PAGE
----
Radiation has side-effects that include; pain with urination, diarrhea, pain with bowel movements, trouble having an erection, and increased urination.
Hormone Treatments. Testosterone directly affects prostate cancer cells and increases their growth. Hormone treatments block the production of testosterone. There are also medications can block the effects of testosterone on the cancer cells. The doctor can also surgically remove the testicles to stop them from producing testosterone. This type of treatment only slows cancer growth and is most often used with other cancer treatments as a combination therapy.
Side-effects include; trouble getting an erection, weight gain, reduced bone mass, and low libido (sex drive).
Prostate Surgery. The doctor removes the prostate, any tissue that may be affected around the prostate gland, and lymph nodes in the area. This can either be done with open surgery or laparoscopically.
Side-effects may include; erectile dysfunction and trouble urinating.
Cryosurgery. This is a minor surgery where the doctor places thin needles into the prostate gland. Then cold gases are sent through the needles to freeze any cancerous tissue. This is usually done only when radiation treatments do not work.
Chemotherapy. When prostate cancer spreads throughout the body and there is no response to other treatments, doctors may suggest chemotherapy. This sends a medication into the body that can kill off cancer cells anywhere they spread. It can be given either intravenously or orally.
Side-effects include; hair loss, weight loss, nausea, vomiting and fatigue.
Biological Therapies. These medications increase your immune system to fight off the cancer. The lab will engineer some of your immune cells to make them able to fight off and kill prostate cancer cells and then places them back into your body.
While alternative medicine has not been shown to cure cancer, some people may use alternative medicine as a complimentary therapy to medical treatments. This may help with side-effects of treatment and reducing cancer symptoms. Always speak with your doctor about using alternative medicine. Some herbal therapies can have side-effects and drug interactions that can interfere with medical treatment. A few alternative medicine therapies for prostate cancer include:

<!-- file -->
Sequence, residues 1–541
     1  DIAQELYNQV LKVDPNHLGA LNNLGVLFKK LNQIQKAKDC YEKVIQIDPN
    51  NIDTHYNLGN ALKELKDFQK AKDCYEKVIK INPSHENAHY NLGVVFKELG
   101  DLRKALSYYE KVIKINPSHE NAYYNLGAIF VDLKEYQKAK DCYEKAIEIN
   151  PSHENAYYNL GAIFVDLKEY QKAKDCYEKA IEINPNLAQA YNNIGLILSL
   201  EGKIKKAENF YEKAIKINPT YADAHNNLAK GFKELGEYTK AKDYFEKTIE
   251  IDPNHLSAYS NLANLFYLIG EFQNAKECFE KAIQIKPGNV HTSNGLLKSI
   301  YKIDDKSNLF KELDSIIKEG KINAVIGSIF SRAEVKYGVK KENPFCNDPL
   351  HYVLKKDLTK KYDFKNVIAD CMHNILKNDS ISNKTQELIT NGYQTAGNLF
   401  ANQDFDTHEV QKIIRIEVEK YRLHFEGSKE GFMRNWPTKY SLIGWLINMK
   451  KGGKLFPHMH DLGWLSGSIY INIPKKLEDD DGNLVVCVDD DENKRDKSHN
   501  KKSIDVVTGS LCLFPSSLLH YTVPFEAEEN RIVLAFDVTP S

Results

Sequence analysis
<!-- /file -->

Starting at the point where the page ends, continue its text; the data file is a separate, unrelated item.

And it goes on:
Increase Antioxidants. Antioxidants help to cleanse cancer causing free-radicals from the body. Eat more plant based foods like; fresh vegetables, fresh fruits, and get enough vitamin E, vitamin C, and Co-Q10.
Lower Inflammation Levels. Having high levels of inflammation in the body encourages growth of damaged cells and cancer. Reduce foods in the diet that encourage inflammation like; dairy, red meats, processed foods, and wheat.
Curcumin. This comes from turmeric and may have cancer stalling properties.
Maitaike Mushrooms. – These Asian mushrooms may inhibit the growth of cancer cells.
Cleanse the Body. Getting toxins out of the body can increase our healing potential. Try a sauna bath or do exercise that makes you sweat. Make sure your bowels are moving properly, and try the following cleansing herbs with your doctor’s okay; Artichoke leaf, milk thistle, and dandelion. These can help the liver work better to remove toxins.
The very good news for prostate cancer is that research shows lifestyle changes can slow the progression of the cancer. While diet and lifestyle changes are not a cure for cancer, there are definite changes in the results of the PSA and biopsies one year from diagnosis. If you have Stage I prostate cancer, lifestyle changes may be the only treatment needed and in later stages can increase positive outcome when used with cancer treatment. Lifestyle changes include:
Dietary Changes. Dietary changes to help fight off prostate cancer includes; soy proteins in place of meats, fresh fruits and vegetables, legumes, and whole grains.
Exercise. 30 minutes of exercise and least six days of the week. This needs to be a moderate level of aerobic exercise such as; walking briskly, jogging, rowing, or riding a bicycle.
Reducing Stress. Lowering stress levels can help the body fight cancer. Try meditation, relaxation techniques or incorporate yoga as a form of exercise to increase deep breathing.
Find Support. Studies show that 95% of men who do lifestyle changes plus add a weekly cancer support group, show a steeper drop in the PSA after one year. Support groups help relieve stress by giving you others to talk to that understand your diagnosis. Support groups can be found through your local community health department, church, or local hospital.
For those who have not yet been diagnosed with prostate cancer, lifestyle changes can reduce the risk of getting prostate cancer. This is especially important if you have a family history of the disease.
American Cancer Society. (2015 , August 13). Prostate Cancer Prevention and Early Detection. Retrieved from American Cancer Society: www.m.cancer.org/cancer/prostate cancer
Geo Espinosa, M. L. (2015, August 13). Six Naturopathic Methods to Combat Prostate Cancer. Retrieved from Naturopathic.org: www.naturopathic.org/content.asp?contentid=505
Mayo Clinic. (2015, March 3). Causes of Prostate Cancer. Retrieved from Mayo Clinic: www.mayoclinic.org/diseases-conditions/prostate-cancer/basics/causes/con-20029597
National Institute of Health. (2015, July 31). Prostate Cancer . Retrieved from National Cancer Institute: www.cancer.gov/types/prostate
National Library of Medicine. (2005 , September 17). Intensive lifestyle changes may affect the progression of prostate cancer. Retrieved from National Institute of Health: www.ncbi.nlm.nih.gov/pubmed/16094059